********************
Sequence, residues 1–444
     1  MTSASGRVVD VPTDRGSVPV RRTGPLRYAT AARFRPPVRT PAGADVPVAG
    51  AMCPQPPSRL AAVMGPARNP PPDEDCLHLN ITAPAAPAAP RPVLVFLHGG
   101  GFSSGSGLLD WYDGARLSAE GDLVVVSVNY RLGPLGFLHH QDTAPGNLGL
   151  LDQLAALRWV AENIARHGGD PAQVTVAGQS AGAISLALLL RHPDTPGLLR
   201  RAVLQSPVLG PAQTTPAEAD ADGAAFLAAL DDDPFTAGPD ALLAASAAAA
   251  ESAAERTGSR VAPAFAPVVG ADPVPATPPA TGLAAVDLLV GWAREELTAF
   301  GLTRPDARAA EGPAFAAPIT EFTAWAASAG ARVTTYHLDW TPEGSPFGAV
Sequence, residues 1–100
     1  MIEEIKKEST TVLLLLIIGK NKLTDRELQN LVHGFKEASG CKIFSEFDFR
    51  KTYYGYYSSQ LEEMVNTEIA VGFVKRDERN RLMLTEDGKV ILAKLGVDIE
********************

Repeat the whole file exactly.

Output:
Sequence, residues 1–444
     1  MTSASGRVVD VPTDRGSVPV RRTGPLRYAT AARFRPPVRT PAGADVPVAG
    51  AMCPQPPSRL AAVMGPARNP PPDEDCLHLN ITAPAAPAAP RPVLVFLHGG
   101  GFSSGSGLLD WYDGARLSAE GDLVVVSVNY RLGPLGFLHH QDTAPGNLGL
   151  LDQLAALRWV AENIARHGGD PAQVTVAGQS AGAISLALLL RHPDTPGLLR
   201  RAVLQSPVLG PAQTTPAEAD ADGAAFLAAL DDDPFTAGPD ALLAASAAAA
   251  ESAAERTGSR VAPAFAPVVG ADPVPATPPA TGLAAVDLLV GWAREELTAF
   301  GLTRPDARAA EGPAFAAPIT EFTAWAASAG ARVTTYHLDW TPEGSPFGAV
Sequence, residues 1–100
     1  MIEEIKKEST TVLLLLIIGK NKLTDRELQN LVHGFKEASG CKIFSEFDFR
    51  KTYYGYYSSQ LEEMVNTEIA VGFVKRDERN RLMLTEDGKV ILAKLGVDIE